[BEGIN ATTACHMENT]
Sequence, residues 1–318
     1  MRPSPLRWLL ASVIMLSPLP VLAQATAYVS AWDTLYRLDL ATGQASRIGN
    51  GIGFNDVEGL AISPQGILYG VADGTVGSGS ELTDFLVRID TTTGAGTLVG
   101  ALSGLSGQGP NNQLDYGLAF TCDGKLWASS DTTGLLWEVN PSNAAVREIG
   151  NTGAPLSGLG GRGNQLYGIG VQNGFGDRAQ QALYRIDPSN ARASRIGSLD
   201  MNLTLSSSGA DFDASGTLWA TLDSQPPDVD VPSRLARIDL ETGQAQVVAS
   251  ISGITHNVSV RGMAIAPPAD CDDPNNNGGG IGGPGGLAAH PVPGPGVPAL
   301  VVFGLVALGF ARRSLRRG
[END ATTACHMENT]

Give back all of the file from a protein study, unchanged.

Sequence, residues 1–318
     1  MRPSPLRWLL ASVIMLSPLP VLAQATAYVS AWDTLYRLDL ATGQASRIGN
    51  GIGFNDVEGL AISPQGILYG VADGTVGSGS ELTDFLVRID TTTGAGTLVG
   101  ALSGLSGQGP NNQLDYGLAF TCDGKLWASS DTTGLLWEVN PSNAAVREIG
   151  NTGAPLSGLG GRGNQLYGIG VQNGFGDRAQ QALYRIDPSN ARASRIGSLD
   201  MNLTLSSSGA DFDASGTLWA TLDSQPPDVD VPSRLARIDL ETGQAQVVAS
   251  ISGITHNVSV RGMAIAPPAD CDDPNNNGGG IGGPGGLAAH PVPGPGVPAL
   301  VVFGLVALGF ARRSLRRG